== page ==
RE/MAX 440
Dale Joy
dalejoy1@verizon.net
Dale Joy
4092 Skippack Pike, P.O. Box 880
Skippack  PA 19474
PH: 610-584-1160
O: 610-584-1160
C: 215-460-5153
F: 267-354-6852 
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Does Credit Matter for Retirees?

March 15, 2016 4:27 am

The answer, says Ken Chaplin, senior vice president of credit reporting agency TransUnion, is a resounding yes.

“Despite the misperception that credit loses importance later in life, the fact remains that your credit score is a vital financial tool at every age,” says Chaplin. “Baby boomers need to prepare their credit score for retirement so they have the tools to fund financial obligations later in life.”

Nearly half of baby boomers incorrectly believe their credit score matters less after age 70, and many have a mixed understanding of the relationship between credit scores and financial obligations, according to a recent survey by the agency.

Seventy percent of boomers cited in the survey agree that a healthy credit score is required for refinancing a mortgage, but less (61 percent) recognized the importance of a healthy credit score when co-signing on loans, and even less (32 percent) said they believed a strong credit score may be necessary to enter a nursing home or long-term care facility.

“As Americans age, good credit can not only help them finance medical expenses and long-term care, but also help them support children, grandchildren and other family members as they take on middle-life expenses, like buying a house or paying for school,” Chaplin explains.

There are several actions pre-retirees can take to establish and maintain good credit throughout retirement, says Chaplin. One of the most important is to stay credit-active by using credit cards regularly and paying them off in full each month.

“Most retirees are past the point of making major purchases such as a new house or car,” Chaplin says, “but that doesn’t mean you should stop using your credit cards.”

Bear in mind unused cards may be closed due to inactivity, Chaplin adds. A credit card closure will impact your available credit ratio and have a negative impact on your score.

Source: TransUnion®

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Leak Detectives: 3 Tips to Save Water at Home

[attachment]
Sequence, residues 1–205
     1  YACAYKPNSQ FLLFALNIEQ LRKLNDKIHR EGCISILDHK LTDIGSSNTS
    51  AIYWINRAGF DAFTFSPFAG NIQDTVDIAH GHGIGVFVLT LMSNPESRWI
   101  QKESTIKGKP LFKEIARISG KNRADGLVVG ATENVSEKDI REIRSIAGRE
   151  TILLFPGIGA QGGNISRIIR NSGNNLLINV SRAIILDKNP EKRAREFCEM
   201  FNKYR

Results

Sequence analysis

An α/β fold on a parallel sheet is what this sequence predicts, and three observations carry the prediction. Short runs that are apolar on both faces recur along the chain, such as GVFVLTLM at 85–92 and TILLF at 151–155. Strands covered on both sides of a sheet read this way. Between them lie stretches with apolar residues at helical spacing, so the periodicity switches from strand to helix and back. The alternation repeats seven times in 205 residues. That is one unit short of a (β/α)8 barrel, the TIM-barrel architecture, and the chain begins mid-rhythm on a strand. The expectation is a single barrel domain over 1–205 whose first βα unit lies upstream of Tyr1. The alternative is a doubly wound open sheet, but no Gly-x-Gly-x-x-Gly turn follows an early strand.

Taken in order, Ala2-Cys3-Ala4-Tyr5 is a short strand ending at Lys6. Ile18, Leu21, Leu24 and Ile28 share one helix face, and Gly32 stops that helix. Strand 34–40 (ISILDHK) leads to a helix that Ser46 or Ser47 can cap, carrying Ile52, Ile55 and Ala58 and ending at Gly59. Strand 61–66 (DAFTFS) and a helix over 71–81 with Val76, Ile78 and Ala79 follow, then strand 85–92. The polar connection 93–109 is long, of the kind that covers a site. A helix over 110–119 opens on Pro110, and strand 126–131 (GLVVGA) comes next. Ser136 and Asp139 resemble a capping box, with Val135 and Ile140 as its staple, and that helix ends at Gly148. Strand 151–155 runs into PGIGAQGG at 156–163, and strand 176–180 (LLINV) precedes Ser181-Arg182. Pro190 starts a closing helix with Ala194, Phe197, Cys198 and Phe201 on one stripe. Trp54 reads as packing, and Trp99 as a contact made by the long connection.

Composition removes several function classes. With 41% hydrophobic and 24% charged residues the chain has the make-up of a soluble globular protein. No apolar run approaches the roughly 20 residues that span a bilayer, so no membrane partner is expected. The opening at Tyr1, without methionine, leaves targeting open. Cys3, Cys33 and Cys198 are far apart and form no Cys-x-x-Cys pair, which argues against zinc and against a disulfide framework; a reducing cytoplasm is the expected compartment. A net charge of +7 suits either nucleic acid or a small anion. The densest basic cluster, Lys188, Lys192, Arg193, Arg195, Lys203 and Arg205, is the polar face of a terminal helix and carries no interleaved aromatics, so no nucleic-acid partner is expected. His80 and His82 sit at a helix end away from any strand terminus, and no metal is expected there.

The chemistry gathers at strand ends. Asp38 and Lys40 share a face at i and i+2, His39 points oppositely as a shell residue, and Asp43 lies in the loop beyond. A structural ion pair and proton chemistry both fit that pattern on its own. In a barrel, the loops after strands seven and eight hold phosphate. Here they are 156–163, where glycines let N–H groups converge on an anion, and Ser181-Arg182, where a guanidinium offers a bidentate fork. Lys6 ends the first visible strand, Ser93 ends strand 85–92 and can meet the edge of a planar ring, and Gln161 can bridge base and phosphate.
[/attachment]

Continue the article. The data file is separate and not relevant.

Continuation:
March 15, 2016 4:27 am

 Did you know more than one trillion gallons of water are wasted each year by easy-to-fix household leaks?

“Not only do leaks waste precious water, they could be adding 10 percent to your utility bill,” says Shawn M. Garvin, regional administrator of the U.S. Environmental Protection Agency (EPA). “By taking just minutes to detect leaks at home, the average family could save more than 10,000 gallons of water every year.”

To locate leaks in your home, simply, check, twist and replace:

Check for silent toilet leaks by putting a few drops of food coloring into the tank at the back of the toilet. Wait 10 minutes. If the color appears in the bowl, you have a leak.

Twist faucet, shower and pipe connections tightly to avoid leaks, or screw on a WaterSense labeled faucet aerator.

Replace broken or leaky fixtures with WaterSense-labeled models, which are independently certified to use at least 20 percent less water and perform as well (or better) than standard models.

To learn more about conserving water in your home, visit www.epa.gov/watersense/fixaleak.

Source: EPA

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Is It Better to Own Near Target or Walmart?

March 15, 2016 4:27 am

Research has shown that homes situated near a Trader Joe’s or Whole Foods see significant increases in value. Can big-box retailers have a similar effect?

According to an analysis by housing data leader RealtyTrac®, homes near a Target store see higher home value and appreciation than those near Walmart—but homeowners near Target pay higher property taxes.

Of homeowners who sold last year, those near a Target saw an average 27 percent increase in price since they purchased their home (an average price gain of $65,569); those near a Walmart saw an average 16 percent appreciation (an average price gain of $24,900). Homeowners who own near a Target pay an average of $7,001 in property taxes, which is 123 percent more than the $3,146 average paid by homeowners who own near a Walmart.